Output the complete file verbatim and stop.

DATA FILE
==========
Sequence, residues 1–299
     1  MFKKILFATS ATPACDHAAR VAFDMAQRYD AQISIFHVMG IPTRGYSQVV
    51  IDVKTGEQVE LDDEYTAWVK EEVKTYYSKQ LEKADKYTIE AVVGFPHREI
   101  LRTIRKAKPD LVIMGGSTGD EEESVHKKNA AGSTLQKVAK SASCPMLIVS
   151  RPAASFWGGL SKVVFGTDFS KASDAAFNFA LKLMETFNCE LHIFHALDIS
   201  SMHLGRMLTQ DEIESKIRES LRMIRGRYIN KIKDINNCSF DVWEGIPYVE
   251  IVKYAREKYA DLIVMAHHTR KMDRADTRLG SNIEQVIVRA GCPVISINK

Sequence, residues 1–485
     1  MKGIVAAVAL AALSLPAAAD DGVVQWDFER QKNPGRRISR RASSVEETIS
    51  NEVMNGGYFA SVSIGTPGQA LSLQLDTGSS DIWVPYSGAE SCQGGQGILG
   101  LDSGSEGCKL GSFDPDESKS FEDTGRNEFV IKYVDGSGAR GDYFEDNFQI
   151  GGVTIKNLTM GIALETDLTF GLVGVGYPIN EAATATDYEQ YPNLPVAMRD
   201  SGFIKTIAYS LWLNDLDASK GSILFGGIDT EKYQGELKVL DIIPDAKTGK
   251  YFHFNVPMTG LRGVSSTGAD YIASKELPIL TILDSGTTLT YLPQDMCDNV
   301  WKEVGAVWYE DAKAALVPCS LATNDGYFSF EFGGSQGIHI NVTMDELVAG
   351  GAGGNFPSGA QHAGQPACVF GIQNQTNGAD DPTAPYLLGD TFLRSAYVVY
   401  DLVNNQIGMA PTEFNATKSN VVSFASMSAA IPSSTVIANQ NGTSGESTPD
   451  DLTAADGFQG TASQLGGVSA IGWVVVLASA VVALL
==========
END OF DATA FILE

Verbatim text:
Sequence, residues 1–299
     1  MFKKILFATS ATPACDHAAR VAFDMAQRYD AQISIFHVMG IPTRGYSQVV
    51  IDVKTGEQVE LDDEYTAWVK EEVKTYYSKQ LEKADKYTIE AVVGFPHREI
   101  LRTIRKAKPD LVIMGGSTGD EEESVHKKNA AGSTLQKVAK SASCPMLIVS
   151  RPAASFWGGL SKVVFGTDFS KASDAAFNFA LKLMETFNCE LHIFHALDIS
   201  SMHLGRMLTQ DEIESKIRES LRMIRGRYIN KIKDINNCSF DVWEGIPYVE
   251  IVKYAREKYA DLIVMAHHTR KMDRADTRLG SNIEQVIVRA GCPVISINK

Sequence, residues 1–485
     1  MKGIVAAVAL AALSLPAAAD DGVVQWDFER QKNPGRRISR RASSVEETIS
    51  NEVMNGGYFA SVSIGTPGQA LSLQLDTGSS DIWVPYSGAE SCQGGQGILG
   101  LDSGSEGCKL GSFDPDESKS FEDTGRNEFV IKYVDGSGAR GDYFEDNFQI
   151  GGVTIKNLTM GIALETDLTF GLVGVGYPIN EAATATDYEQ YPNLPVAMRD
   201  SGFIKTIAYS LWLNDLDASK GSILFGGIDT EKYQGELKVL DIIPDAKTGK
   251  YFHFNVPMTG LRGVSSTGAD YIASKELPIL TILDSGTTLT YLPQDMCDNV
   301  WKEVGAVWYE DAKAALVPCS LATNDGYFSF EFGGSQGIHI NVTMDELVAG
   351  GAGGNFPSGA QHAGQPACVF GIQNQTNGAD DPTAPYLLGD TFLRSAYVVY
   401  DLVNNQIGMA PTEFNATKSN VVSFASMSAA IPSSTVIANQ NGTSGESTPD
   451  DLTAADGFQG TASQLGGVSA IGWVVVLASA VVALL